Get the Facts About Dementia Care

Get the Facts About Dementia Care

A person with Alzheimer’s disease or another form of dementia might need to move into a specialized care facility for his own safety and medical care. If you have a loved one in this situation, you need to know about the options available for dementia care in assisted living and nursing home facilities.

The Alzheimer’s Association created practice recommendations for nursing homes and assisted living facilities that offer dementia care for residents. These guidelines focus on six care areas:

  • Food and fluid consumption
  • Pain management
  • Social engagement
  • Wandering
  • Falls
  • Physical restraints

Care Recommendations about Food and Fluid Consumption

People with dementia do not always make good choices about the food and liquid they consume. They might not consume enough to meet their nutritional or hydration needs, or they might consume items with little nutritional value. As a result, their health and comfort can suffer.

Facilities that provide dementia care should:

  • Perform initial and routine periodic assessments of each resident’s food and fluid consumption status.
  • Develop procedures that ensure the residents consume proper food and liquids.
  • Make mealtimes enjoyable events, where staff interact with the residents and assess the food and fluid in a pleasant social setting.

Residents with physical challenges that make eating or drinking difficult should receive assessment by qualified professional specialists.

Pain Management Care Recommendations

Because many people with dementia have difficulty communicating, they under-report their pain and do not receive the treatment they need. Untreated pain is one of the main reasons why nursing home residents develop undesired behavioral symptoms and receive psychotropic drugs to manage their behavior, instead of getting relief from their pain.

Dementia care should include:

  • Including pain assessment in every vital signs check, along with pulse, temperature, blood pressure and respirations. Consider pain as the “fifth vital sign.”
  • Routinely treat pain just as one would address problems with any other vital sign.
  • Customize the pain management techniques for each resident, taking into account the individual’s risks, medical conditions, needs and other relevant circumstances.

Appropriate pain management can improve the resident’s quality of life.

Guidelines for Social Engagement

Every day, the facility should offer multiple opportunities for residents with dementia to engage in fun, meaningful social activities. The nursing home or assisted living center should consider each resident’s interests and functional abilities. A roomful of residents sitting in their wheelchairs passively watching a staff member perform an activity has little meaning for them, as compared to an event in which the residents can actively participate.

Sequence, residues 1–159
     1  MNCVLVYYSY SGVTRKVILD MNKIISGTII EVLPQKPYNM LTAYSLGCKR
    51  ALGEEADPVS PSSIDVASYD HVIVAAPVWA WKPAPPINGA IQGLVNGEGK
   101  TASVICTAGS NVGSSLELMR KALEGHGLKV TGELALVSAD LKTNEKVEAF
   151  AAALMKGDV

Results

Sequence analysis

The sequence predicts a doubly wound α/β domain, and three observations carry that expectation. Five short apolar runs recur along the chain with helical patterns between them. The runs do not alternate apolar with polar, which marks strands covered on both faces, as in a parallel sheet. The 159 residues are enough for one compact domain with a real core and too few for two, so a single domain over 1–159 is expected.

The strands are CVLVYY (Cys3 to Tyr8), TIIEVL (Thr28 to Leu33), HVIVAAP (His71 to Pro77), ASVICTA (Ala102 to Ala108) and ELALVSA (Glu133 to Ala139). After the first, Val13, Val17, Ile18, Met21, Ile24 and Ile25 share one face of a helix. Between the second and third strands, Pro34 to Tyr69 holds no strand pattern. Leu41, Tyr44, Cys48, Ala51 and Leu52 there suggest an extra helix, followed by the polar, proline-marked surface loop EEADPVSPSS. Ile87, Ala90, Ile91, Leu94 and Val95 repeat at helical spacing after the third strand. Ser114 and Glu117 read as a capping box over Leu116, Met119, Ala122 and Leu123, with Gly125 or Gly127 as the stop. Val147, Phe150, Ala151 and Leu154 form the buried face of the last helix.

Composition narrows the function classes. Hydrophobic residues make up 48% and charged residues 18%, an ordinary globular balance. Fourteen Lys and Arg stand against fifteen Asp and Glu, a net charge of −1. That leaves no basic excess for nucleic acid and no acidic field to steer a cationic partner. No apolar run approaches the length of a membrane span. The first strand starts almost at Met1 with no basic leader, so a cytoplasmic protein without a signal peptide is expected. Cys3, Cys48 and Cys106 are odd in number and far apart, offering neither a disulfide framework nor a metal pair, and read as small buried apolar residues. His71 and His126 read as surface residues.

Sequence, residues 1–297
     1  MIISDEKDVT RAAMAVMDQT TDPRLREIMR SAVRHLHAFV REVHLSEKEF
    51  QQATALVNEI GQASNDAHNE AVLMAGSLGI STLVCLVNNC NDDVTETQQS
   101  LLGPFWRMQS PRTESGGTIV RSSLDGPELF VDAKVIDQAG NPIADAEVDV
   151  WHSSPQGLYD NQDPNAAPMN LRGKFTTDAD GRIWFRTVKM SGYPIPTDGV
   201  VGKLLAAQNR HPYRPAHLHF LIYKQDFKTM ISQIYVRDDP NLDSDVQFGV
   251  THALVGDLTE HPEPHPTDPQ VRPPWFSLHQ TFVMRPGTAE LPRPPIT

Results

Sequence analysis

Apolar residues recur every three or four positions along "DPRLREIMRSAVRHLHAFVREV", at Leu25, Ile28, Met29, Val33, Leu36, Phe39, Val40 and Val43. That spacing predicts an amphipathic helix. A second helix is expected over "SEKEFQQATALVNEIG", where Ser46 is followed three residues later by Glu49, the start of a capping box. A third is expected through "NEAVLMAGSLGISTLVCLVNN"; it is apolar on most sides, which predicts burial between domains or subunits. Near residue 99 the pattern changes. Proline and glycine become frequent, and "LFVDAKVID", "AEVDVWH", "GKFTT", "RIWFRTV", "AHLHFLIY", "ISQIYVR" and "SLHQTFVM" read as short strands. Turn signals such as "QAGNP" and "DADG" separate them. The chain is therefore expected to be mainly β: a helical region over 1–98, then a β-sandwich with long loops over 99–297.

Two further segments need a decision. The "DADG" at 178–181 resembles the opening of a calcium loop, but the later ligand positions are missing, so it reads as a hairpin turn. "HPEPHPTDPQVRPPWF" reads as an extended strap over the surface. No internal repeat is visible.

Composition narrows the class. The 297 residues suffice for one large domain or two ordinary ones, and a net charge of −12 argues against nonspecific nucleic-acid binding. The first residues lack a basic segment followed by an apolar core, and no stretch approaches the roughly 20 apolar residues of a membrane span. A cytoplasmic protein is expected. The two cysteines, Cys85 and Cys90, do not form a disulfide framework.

The home should respect each resident’s preferences, including a desire for solitude or downtime. The staff should never force a resident to participate in an activity.

Recommendations about Wandering

Many people with dementia engage in a behavior called wandering. Often, the resident wanders because he is physically uncomfortable, in emotional distress, is bothered by something in his environment, or is looking for social contact.

Facilities that offer dementia care need to encourage the resident to be mobile and physically active, but provide a safe and independent means for him to do so. Some dementia care facilities have hallways that loop around in a circle, so residents can satisfy the need to walk without ending up far from their rooms.

The center should assess the reasons for the individual’s wandering and try to meet those needs.  The facility should also develop protocols that prevent unsafe wandering, including exit seeking.

Guidelines to Prevent Falls

The facility should assess each resident’s risk of falling to prevent injuries. Fall injuries can rob a resident of her mobility. The center should implement measures that reduce the risk of falling. Physical restraints lead to fall injuries. For this and other reasons, nursing homes should avoid the use of physical restraints.

Recommendations on the Use of Physical Restraints

Sometimes a nursing home will use physical restraints under the misguided notion these devices keep residents safe. However, in fact, restraints often harm residents. Facilities should identify the reasons for undesired behavior and address those issues without using restraints. The staff should receive training on restraint-free techniques for keeping residents safe.

Every state has different laws, and your state’s regulations might vary from the general law of this article. You might want to talk to an elder law attorney near you.

References:

National Consumer Voice. “Dementia Care.” (accessed August 15, 2019) https://ltcombudsman.org/issues/dementia-care